Duck, duck, rice – a game for life

Jose Apollo Pacamalan


Jose ‘Apollo’ Pacamalan (MEnvMgmt ‘05) is the founder of the Rice-Duck Movement Inc., offering subsistence farmers in his homeland of the Philippines, an organic, climate-smart, accessible and more viable rice production system.

Apollo’s Master in Environmental Management studies at Flinders University (where ducks are a valued part of campus life) put him on the path to this vital community development work.

He says, ‘I went back to the Philippines after two life-changing years at Flinders, and started to work with non-government organisations to expand and develop the Integrated Rice-Duck Farming System value chain and its underlying principles.’

As a result of Apollo’s business model, in the Philippines more than 1,000 hectares of conventional rice farms now incorporate ducks. The ducks fertilise the rice crops, increase production by eating insects and other pests, while also producing meat and eggs for additional family nutrition and income for the smallholder farmers, who are often living on the poverty line.

‘My Flinders experience gave me the technical foundation and a sense of focus that allowed me to recalibrate this farming system and work with local authorities to reduce poverty, increase employment and contribute to reducing malnutrition in the countryside,’ says Apollo.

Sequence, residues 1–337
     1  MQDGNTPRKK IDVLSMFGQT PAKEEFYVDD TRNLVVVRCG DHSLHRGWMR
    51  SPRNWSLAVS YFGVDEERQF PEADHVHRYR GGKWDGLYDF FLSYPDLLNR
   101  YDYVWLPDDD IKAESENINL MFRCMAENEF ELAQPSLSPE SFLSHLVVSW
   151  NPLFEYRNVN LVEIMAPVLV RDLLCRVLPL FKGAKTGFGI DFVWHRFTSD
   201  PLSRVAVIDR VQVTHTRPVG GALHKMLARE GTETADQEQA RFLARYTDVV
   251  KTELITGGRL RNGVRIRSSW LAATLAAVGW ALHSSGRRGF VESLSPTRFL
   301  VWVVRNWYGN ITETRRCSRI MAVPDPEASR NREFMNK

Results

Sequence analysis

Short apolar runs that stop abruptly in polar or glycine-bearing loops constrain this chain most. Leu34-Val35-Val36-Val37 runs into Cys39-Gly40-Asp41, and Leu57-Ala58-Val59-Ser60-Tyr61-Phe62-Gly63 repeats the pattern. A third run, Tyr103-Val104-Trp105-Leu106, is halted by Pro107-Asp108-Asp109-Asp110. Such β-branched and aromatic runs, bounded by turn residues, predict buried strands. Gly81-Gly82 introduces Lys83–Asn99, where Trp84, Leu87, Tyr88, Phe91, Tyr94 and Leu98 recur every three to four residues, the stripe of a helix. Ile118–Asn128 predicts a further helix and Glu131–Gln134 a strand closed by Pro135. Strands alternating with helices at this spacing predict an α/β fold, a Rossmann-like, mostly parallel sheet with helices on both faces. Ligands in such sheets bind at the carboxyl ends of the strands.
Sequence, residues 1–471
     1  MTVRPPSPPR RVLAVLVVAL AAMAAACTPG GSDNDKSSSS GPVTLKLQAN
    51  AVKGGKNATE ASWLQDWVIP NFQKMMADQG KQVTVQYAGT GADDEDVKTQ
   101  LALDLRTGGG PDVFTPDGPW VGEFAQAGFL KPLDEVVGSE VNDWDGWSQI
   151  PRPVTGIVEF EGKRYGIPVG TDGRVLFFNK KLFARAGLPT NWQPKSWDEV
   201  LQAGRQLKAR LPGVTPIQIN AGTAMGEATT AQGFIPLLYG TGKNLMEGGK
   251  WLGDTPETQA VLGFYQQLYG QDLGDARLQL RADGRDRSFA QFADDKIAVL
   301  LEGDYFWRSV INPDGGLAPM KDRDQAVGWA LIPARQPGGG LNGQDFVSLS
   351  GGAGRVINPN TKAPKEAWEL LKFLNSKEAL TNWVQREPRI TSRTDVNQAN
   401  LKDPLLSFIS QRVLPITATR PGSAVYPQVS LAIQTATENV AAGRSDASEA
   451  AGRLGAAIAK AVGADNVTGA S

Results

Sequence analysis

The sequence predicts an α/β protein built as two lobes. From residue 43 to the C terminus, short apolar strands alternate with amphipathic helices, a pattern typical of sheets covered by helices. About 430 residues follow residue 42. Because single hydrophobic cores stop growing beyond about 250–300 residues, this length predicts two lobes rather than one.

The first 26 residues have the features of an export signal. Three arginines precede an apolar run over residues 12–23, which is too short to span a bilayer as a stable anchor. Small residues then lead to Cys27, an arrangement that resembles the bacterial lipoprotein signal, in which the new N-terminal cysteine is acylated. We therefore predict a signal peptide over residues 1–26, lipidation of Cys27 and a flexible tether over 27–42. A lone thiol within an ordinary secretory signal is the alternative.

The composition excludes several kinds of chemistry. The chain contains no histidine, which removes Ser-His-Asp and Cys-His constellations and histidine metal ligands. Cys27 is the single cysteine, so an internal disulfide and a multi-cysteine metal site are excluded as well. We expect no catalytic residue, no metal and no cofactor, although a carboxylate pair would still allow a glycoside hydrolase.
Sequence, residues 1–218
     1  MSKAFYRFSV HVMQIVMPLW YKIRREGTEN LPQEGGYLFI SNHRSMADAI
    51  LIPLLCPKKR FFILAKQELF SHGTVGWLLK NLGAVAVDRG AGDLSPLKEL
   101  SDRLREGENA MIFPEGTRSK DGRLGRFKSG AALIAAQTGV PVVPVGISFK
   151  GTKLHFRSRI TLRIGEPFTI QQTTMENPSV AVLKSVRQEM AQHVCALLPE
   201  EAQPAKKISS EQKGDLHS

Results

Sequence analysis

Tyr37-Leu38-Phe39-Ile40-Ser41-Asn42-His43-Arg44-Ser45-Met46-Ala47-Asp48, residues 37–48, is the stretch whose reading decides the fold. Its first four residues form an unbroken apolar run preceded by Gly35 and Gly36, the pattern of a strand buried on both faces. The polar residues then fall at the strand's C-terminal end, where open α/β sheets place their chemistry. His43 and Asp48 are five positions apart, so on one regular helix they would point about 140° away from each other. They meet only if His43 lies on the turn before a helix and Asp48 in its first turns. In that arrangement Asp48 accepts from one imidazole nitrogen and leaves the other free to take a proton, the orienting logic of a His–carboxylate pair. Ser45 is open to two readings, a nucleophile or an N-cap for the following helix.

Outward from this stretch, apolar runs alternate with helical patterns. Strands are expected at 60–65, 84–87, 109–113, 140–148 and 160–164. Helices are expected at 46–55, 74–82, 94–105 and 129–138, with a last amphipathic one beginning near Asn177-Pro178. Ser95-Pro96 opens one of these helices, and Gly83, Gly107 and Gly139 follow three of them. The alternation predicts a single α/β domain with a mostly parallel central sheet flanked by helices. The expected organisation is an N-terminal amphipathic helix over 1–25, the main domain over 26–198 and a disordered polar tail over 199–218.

His ultimate goal is to increase rice production from 1,000 sacks of milled rice a day to 12,000 sacks daily in order to meet 100% of the province’s demand.

Apollo has recently developed a food-pack made from organic unpolished rice and iron-rich culled duck meat that can be rolled out in emergencies and also used to eradicate malnutrition among school-age children in the community.

As the new head of provincial agriculture in Misamis Oriental, one of his first actions is launching a new program, the quest for “EGGcellence”. The program will provide a million pesos to local governments to assist resource-poor households to produce one million eggs per year – a 10% share of the local market.

Apollo says, ‘The greatest accomplishment in my work is when I see poor farmers and households grow in terms of their skills and talents in farming systems.’

Jose Apollo Pacamalan was awarded a 2018 Flinders University Distinguished Alumni Award for his significant contribution to the rice farming industry in the Philippines by pioneering the Integrated Rice-Duck Farming System. The climate-smart agriculture system makes rice production safer for farmers, rice grains healthier for consumption and has increased rice productivity.

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